|Courtesy Of Dreamstime.com|
This last month we’ve doing a series on Sex and Dating. In this series we are trying to address everything from homosexuality to the sexual pressures that guys and girls face on a daily basis. The series has been great at engaging the teens and it has given us a great opportunity to talk with parents. However, the bright spot of this ministry is that it gives us an opportunity to address a subject that is polarizing.
If we aren’t leaning in and addressing these topics we give our students the impression that we don’t care or that they aren’t important. This mindset will only show them the church doesn’t care about what really matters. If we go in full force with nothing but the truth, knocking down every opinion, ounce of doubt and curious thought we show them the church is nothing but closed minded. Either way we risk losing teens. The healthy approach is to engage with the proper content and context by:
- Encouraging Them To Sit In The Tension – Many times we put teens in a situation where they have to make a decision before they are ready. When this happens they don’t truly embrace a belief. By encouraging them to sit in the tension we bring them along a journey to gain appreciation and ownership for what can be a bold statement. Sitting in the tension also allows them to think outside the box, to look at other perspectives, which will also give them the confidence to defend it.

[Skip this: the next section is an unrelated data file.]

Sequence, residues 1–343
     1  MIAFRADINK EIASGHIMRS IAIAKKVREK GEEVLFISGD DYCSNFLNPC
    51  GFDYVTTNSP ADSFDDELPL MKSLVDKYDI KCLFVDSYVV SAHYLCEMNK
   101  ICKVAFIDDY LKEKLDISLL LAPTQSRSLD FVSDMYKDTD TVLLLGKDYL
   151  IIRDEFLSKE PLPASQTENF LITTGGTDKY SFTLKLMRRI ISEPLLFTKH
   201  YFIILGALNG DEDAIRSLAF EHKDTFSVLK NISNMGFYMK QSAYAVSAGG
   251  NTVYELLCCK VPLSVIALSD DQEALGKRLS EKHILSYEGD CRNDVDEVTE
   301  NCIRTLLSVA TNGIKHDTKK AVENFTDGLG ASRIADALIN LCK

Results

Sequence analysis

- Promoting Honest Questioning And Authentic Answering – If we take away their ability to ask questions, they’ll resent us. If we give them an answer that’s anything but authentic they’ll lose our trust. Many times we avoid the Q&A because we ourselves are afraid of the tension. There is nothing wrong with not knowing. There is nothing wrong with saying, “Let’s find this out together.” If anything it builds trusts and says, “I’m with you on this.“
- Continuing The Conversation – Even if we engage in Q&A and lean into a difficult situation it doesn’t mean it’s over when the series is done. Most times these conversations need to be left open ended so that the teens know they can bring it up again if doubt emerges. It’s easy to say, “We’ve discussed this already, why do we have to open up wounds?” It’s because not everyone has healed. Continuing the conversation is saying to the teens, “I’m willing to discuss this whenever you have a question, concern or thought.“
How do you address polarizing issues in your ministry? What’s worked and what hasn’t?